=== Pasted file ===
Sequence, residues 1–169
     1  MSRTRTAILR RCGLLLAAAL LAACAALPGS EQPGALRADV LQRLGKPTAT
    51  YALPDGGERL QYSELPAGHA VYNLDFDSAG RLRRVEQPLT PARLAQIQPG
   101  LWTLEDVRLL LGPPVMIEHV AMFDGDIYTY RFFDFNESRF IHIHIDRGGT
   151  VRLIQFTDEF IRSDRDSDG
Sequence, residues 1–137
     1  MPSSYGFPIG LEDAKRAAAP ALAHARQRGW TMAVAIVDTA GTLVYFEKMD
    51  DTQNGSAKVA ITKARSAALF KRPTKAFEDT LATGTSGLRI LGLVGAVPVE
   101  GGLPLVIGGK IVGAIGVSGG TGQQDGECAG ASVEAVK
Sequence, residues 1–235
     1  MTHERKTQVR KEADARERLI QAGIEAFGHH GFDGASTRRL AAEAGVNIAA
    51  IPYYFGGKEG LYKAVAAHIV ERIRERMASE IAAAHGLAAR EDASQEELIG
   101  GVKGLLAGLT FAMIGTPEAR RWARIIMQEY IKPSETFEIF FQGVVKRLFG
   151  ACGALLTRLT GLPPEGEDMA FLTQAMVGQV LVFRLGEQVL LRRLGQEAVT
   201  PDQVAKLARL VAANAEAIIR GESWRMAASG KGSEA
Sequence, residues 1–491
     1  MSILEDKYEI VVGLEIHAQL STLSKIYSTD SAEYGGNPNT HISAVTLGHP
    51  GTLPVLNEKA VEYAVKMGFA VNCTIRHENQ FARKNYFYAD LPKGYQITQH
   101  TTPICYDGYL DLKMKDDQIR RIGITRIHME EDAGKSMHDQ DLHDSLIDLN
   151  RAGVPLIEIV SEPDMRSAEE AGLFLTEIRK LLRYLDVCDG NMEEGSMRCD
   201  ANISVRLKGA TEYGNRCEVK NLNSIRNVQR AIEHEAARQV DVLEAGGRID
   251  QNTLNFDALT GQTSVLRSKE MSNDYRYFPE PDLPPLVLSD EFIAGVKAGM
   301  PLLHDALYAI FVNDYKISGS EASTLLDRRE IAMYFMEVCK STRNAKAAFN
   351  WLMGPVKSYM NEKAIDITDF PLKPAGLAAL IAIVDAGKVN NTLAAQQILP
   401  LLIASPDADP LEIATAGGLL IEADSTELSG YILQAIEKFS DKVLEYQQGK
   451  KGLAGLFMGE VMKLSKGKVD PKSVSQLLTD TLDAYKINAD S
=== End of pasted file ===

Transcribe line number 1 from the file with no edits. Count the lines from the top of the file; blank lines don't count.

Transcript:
Sequence, residues 1–169